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The Trans-Pacific Partnership (TPP): Are the Presidential Candidates Telling the Whole Story?

Compelling question:

Are the presidential candidates telling the whole story about the Trans-Pacific Partnership (TPP)?

Introduction

The Trans-Pacific Partnership (TPP) or Trans Pacific Partnership Agreement (TPPA) is a trade agreement that opens the exports of U.S. producers to more countries around the world and imports from the rest of the world to U.S. consumers and producers. Expanded production, consumption, and investment opportunities emerge across globe.  So, why do politicians and economists disagree on the net effects?

Learning Objectives

  • Summarize each candidate’s position on the TPP.
  • Calculate profit and losses for various types of businesses as a result of the TPP using hypothetical data.
  • Write questions about the TPP for a debate between Trump and Clinton.
  • Construct possible responses the candidates would have to these debate questions.
     

Resource List

Process

  1. Review the Inquiry Design Model outline before teaching this lesson.
     
  2. Briefly introduce the Trans-Pacific Partnership (TPP). Explain that there is disagreement as to whether the deal will help America grow wealthier or not. Introduce the Summative Performance Task, explaining to students that they will act as the moderator for a debate between Trump and Clinton, and that it is their job to pose tough and informed questions to the candidates.
     
  3. Play the TPP Explainer video (CNN ). Ask students what some of the goals of the TPP are. [Improve the economy through trade; set standards and rules for trade that is already happening; give TPP member nations the opportunity to set trade rules without influence from China.]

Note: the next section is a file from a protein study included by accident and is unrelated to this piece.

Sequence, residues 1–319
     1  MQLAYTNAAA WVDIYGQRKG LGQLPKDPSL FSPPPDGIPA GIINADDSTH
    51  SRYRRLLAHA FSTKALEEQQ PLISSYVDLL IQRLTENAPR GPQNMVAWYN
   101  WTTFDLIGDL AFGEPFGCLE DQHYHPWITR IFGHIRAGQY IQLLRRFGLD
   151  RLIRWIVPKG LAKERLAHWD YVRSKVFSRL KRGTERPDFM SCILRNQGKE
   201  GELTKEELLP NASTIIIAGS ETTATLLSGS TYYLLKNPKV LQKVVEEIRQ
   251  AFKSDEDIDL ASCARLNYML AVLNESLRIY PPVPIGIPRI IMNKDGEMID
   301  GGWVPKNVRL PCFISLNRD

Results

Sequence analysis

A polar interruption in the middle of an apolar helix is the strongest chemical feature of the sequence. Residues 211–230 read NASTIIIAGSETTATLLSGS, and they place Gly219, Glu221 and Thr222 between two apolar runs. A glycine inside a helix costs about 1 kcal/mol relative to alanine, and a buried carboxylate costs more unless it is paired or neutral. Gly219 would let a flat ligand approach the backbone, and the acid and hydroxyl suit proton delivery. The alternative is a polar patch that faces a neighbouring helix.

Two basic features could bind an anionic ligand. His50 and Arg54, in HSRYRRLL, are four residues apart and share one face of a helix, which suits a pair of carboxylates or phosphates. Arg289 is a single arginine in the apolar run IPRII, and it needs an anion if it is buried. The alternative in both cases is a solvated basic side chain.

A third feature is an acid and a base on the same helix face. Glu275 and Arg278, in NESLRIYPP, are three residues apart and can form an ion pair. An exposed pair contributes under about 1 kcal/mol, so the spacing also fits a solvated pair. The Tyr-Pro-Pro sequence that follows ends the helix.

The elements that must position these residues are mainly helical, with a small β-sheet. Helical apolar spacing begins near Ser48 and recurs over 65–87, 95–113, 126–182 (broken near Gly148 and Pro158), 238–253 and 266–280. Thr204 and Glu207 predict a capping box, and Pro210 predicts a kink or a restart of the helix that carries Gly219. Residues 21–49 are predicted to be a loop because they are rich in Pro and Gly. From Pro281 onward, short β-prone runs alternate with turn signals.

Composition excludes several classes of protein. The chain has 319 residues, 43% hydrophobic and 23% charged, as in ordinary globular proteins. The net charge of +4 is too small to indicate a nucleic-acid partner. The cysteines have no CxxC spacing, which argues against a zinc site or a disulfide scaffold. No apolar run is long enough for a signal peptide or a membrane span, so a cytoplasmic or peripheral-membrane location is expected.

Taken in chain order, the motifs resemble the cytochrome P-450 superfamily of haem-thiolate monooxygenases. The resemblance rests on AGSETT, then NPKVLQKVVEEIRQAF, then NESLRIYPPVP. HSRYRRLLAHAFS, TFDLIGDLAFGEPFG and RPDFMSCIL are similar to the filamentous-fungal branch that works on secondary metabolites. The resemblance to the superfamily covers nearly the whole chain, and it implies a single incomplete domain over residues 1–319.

4. Pose the first supporting question: “What do politicians think about the TPP?” Tell the students that we will be hearing from Barack Obama, Donald Trump, and Hillary Clinton regarding their positions on the TPP. Play each of the videos:

  5. Call on students to summarize what each candidate thinks about the TPP. [Obama favors it and is currently actively attempting to get it passed by Congress. Clinton and Trump oppose the deal, and say that they would instead create some other kind of trade deal that would be a better deal for America.]
     
  6. Pose the second supporting question: “What do economists think about trade?” Play the following video on how trade works:

  7. Call on students to explain how trade allows countries to become wealthier. It is worth noting that professional economists overwhelmingly support open trade as a means to create prosperity.

    When economists do express concerns about trade, they usually focus on the experience of the companies that have lost out as a result of international competition. However, they also consistently find that the benefits of trade to consumers and to other domestic companies outweigh these costs.

    The contrast with the candidates’ message should be evident. You may also ask the students the following questions directly: